Give me an example of the change in magnitude of your cognitive issues.: “I guess the, the best one is, I was taking a course, it’s called Eco Sphere in Crisis or as I like to call it, Idiot Biology. We called that Environmental Biology at where I went to college. Well, all we did was talk about was the pill and a bunch of other stuff and finding out that the professor and his wife were both fixed. But I had problems in that class. Even though it was really simple, if I read the book I was doing very well in it, I went on all the field trips. Then I had lecture which was kind of hard for me because he would touch on the stuff we read and then expand it. I was lucky to have a friend of mine in the class, he was also in my individual classroom, he had the person talking, too, and he was real easy because he could understand what was going on. So if I gave him a weird look like, what’s going on, what are they talking about? He could put it into basic terms and slow it down because my brain. Most people talk at a normal pace which can be too fast for me and I don’t understand what they’re saying and I can’t get it all.”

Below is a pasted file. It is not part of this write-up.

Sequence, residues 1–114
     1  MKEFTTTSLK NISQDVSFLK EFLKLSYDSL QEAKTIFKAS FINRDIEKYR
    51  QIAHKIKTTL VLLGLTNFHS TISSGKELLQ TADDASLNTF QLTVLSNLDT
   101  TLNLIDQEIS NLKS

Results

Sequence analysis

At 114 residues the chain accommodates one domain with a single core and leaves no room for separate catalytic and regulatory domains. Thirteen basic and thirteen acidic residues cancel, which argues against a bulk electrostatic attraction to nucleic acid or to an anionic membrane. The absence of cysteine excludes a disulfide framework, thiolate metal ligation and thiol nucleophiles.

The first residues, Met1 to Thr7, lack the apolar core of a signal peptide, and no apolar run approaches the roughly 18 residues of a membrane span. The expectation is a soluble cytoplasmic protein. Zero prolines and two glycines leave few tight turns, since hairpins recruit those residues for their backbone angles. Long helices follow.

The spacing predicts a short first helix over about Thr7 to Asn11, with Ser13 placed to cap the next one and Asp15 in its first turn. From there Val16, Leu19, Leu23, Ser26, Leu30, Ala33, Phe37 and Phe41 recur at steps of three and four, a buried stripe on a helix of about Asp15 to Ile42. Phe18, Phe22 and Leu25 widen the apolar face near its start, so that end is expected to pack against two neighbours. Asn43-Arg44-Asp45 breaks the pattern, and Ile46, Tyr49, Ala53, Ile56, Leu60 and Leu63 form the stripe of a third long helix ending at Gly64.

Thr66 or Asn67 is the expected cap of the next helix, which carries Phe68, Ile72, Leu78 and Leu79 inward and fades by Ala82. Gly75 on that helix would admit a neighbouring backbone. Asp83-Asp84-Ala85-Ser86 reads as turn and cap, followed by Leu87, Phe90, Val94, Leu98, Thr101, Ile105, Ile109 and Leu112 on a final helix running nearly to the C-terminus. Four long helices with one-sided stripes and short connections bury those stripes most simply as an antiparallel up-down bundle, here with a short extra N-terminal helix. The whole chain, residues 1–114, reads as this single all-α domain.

What were the problems you had at Sears?: “Sears, well, one problem, the biggest problem I had was management.” Such as?: “For some reason, I don’t know how it is now, because I haven’t worked since 2007, or 2006, but up until about ’92, everybody had their set way that you had to do things. And I have a hard time with that because I can’t follow what they want to do.I have to find out on my own how to do it from what I can do. And management at Sears didn’t like that because I wasn’t following their scripted program.” Where the SSA mandates the finding of anyone who can’t do the following, deficient of the requisite work capacity: â€œUnderstanding, carrying out and remembering simple instructions. - The SSA also recognizes that in addition, an individual must be able to remember work like procedures. Further, they must not only be able to understand “short and simple instructions”, they must be able to “carry out” those instructions.When Michael couldn’t do his job the Sears way, he wasn’t going to be a Sears person for long.